Turing is thrashing Sir Tim as films promote computer pioneers

The BCS is trying to raise the profile of IT workers with a campaign based on Information Pioneers. Five will be featured in short films that will be shown on the website, which went live today

The BCS (formerly the British Computer Society) has launched a website at pioneers.bcs.org to "highlight the achievements of the often forgotten and unacknowledged Information Pioneers". You can vote for a select 150. From 27 May, when the campaign starts, you'll be able to watch "celebrity films" featuring five pioneers: Ada Lovelace, Alan Turing, Sir Clive Sinclair, Hedy Lamarr and Sir Tim Berners-Lee.

The films also feature celebrity presenters, with cricketer Phil Tufnell presenting Sir Clive Sinclair, and comedian Dom Joly advocating Sir Tim Berners-Lee.

At the moment, Turing (52.5%) has a huge lead over Hedy (15.8%) with TBL (11.9%) fourth, but expect this to change when more people vote.

The BCS says it "believes IT is undervalued by the public. This campaign will change the way people see the IT profession and its contribution to society."


Jack Schofield

The GuardianTramp

Related Content

Article image
De-coding the Turing family

The story of Alan Turing has a hold on the world's imagination. A Northerner post on the subject in January was the most-viewed item on the Guardian's whole website that week. Now the chair of the centenary celebrations, Prof Barry Cooper, starts a series of guest posts for us

Professor Barry Cooper

17, Apr, 2012 @11:00 AM

No 10 apologises for "appalling" treatment of Alan Turing

The government has apologised for the treatment of a famous computer scientist whose code-breaking exploits at Bletchley Park are considered an "outstanding contribution" to the war effort

Jack Schofield

11, Sep, 2009 @12:11 AM

Article image
Alan Turing: "I am building a brain." Half a century later, its successor beat Kasparov

The chair of the Alan Turing centenary celebrations, Professor S. Barry Cooper of Leeds University, continues his guest blog for the Guardian Northerner with a look at a legendary chess match

S.Barry Cooper

14, May, 2012 @6:20 AM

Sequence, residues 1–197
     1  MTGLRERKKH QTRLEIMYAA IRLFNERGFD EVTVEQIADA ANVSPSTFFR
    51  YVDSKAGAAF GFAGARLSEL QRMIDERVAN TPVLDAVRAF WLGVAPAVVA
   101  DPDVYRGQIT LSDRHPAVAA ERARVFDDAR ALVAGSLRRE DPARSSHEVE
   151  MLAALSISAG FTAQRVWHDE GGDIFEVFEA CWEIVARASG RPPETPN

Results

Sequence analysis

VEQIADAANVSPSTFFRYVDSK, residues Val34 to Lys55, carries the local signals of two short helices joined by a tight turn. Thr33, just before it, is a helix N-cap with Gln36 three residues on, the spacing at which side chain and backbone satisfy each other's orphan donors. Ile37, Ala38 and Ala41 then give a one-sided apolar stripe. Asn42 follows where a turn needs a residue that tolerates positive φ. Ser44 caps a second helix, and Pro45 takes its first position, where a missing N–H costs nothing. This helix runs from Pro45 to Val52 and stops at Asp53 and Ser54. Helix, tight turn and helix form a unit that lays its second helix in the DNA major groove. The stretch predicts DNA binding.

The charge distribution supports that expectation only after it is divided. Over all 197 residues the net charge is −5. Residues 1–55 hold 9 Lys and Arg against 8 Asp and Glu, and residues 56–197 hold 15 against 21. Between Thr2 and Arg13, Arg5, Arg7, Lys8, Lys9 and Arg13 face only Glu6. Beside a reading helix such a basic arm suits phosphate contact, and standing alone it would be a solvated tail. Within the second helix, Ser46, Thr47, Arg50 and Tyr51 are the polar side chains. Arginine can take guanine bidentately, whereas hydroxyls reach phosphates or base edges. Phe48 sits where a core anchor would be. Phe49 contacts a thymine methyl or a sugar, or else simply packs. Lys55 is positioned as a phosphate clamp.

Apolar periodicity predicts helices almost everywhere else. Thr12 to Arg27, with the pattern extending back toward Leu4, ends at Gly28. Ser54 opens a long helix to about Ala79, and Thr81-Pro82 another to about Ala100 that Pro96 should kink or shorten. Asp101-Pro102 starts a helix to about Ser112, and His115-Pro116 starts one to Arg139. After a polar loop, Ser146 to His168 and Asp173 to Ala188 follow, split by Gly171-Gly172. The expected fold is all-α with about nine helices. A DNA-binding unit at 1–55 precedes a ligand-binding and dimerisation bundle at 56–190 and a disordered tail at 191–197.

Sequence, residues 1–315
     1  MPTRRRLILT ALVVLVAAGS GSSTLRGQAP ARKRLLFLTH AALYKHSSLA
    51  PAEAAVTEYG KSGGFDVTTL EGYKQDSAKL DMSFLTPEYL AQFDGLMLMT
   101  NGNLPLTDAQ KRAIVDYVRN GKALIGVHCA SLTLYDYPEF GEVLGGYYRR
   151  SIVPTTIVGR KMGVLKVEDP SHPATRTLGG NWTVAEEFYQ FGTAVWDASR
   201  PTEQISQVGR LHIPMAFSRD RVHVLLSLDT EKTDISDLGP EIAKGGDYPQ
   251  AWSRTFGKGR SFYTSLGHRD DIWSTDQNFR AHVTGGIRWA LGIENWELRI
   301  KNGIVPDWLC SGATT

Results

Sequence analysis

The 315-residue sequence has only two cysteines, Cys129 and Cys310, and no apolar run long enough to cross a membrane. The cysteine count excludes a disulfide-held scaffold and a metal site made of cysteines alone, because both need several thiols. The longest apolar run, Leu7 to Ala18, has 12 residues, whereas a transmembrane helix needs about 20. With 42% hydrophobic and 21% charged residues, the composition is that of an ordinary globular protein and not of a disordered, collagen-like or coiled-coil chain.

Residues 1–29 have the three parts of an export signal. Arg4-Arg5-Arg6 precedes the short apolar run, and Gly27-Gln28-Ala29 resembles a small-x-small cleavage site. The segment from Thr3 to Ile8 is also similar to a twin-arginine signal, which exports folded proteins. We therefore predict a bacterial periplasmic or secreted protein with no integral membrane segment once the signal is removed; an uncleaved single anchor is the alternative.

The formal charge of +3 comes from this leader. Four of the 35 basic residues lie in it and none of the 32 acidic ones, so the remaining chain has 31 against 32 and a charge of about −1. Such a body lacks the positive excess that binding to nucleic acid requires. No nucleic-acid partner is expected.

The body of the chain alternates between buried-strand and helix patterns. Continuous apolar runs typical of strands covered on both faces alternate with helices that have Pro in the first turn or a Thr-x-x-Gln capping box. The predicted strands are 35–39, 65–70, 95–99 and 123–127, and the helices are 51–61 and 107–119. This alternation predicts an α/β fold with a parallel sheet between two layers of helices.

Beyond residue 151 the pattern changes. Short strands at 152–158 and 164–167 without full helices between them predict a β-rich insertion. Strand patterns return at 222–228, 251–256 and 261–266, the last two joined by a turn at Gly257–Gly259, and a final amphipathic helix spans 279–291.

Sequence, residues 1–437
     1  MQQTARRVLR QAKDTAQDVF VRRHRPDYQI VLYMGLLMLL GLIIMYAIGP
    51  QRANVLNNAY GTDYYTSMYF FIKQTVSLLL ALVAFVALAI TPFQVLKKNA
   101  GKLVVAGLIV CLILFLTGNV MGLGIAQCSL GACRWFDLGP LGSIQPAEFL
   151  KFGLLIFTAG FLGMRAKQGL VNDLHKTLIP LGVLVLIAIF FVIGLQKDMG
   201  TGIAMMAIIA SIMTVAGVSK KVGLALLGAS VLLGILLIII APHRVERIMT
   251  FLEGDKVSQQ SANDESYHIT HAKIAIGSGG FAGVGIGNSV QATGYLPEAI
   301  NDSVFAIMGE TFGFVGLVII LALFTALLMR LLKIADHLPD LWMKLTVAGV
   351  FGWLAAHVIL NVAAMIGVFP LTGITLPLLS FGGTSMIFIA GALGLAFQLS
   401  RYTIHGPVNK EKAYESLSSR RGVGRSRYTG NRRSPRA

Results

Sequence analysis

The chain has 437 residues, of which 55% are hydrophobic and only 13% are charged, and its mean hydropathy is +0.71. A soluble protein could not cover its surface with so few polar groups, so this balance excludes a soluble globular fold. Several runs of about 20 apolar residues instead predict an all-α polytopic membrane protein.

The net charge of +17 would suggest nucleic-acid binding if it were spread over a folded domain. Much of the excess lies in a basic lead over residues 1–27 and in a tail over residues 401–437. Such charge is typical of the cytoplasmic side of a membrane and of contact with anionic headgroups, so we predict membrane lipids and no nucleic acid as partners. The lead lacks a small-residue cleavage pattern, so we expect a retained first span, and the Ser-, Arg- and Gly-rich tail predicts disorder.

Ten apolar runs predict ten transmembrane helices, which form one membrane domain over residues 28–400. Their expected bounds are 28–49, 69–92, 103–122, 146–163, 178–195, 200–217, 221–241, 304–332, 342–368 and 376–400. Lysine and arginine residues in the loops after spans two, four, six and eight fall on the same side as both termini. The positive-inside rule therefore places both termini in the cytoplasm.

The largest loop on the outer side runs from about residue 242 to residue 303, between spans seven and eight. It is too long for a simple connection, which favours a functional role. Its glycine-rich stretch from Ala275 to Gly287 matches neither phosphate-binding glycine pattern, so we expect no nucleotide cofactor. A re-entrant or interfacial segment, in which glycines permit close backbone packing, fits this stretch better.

Article image
Eugene the Turing test-beating 'human computer' – in 'his' own words

Algorithm pretending to be 13-year-old boy passes Turing test among third of judges – read some past conversations

09, Jun, 2014 @10:44 AM

Article image
Obama to Berners-Lee, Snow to Domesday: a history of open data | Peter Kimpton

The world wide web inventor and the US president are helping create a data revolution, but are also part of a long tradition, says Peter Kimpton

Peter Kimpton

25, Oct, 2013 @11:39 AM

Article image
The Innovators by Walter Isaacson review – a lucid, thrilling and amusing history of the digital age
The creation of the networked world, conjured up by a group of nerds, wonks and hippies, is the defining story of our era, writes Peter Conrad

Peter Conrad

20, Oct, 2014 @8:00 AM

Letters: Internet regulation at global and local levels
Letters: Of course, Google is too close to both the Obama and Cameron administrations and this is not good, much as it wasn't so good a decade ago when Microsoft was in a similar position

27, May, 2011 @11:07 PM

Article image
A computer has passed the Turing test for humanity – should we be worried? | Giles Fraser

Giles Fraser: Loose Canon: In essence, being human is fundamentally a moral category not a biometric one – it is unlikely that artificial intelligence will ever surpass us on this score

Giles Fraser

13, Jun, 2014 @5:59 PM

Article image
Alan Turing Year - the Establishment still doesn't get it

The chair of the Alan Turing Year celebrations, Prof S. Barry Cooper, comes up for air after a well-deserved break. Much was celebrated, he says, but more remains to be done

S.Barry Cooper

22, Jan, 2013 @4:18 PM

Article image
Grow a sunflower to solve unfinished Alan Turing experiment

Manchester Science Festival sows the seeds of a very bright idea to honour the computer genius in his centenary year

Martin Wainwright

26, Mar, 2012 @3:48 PM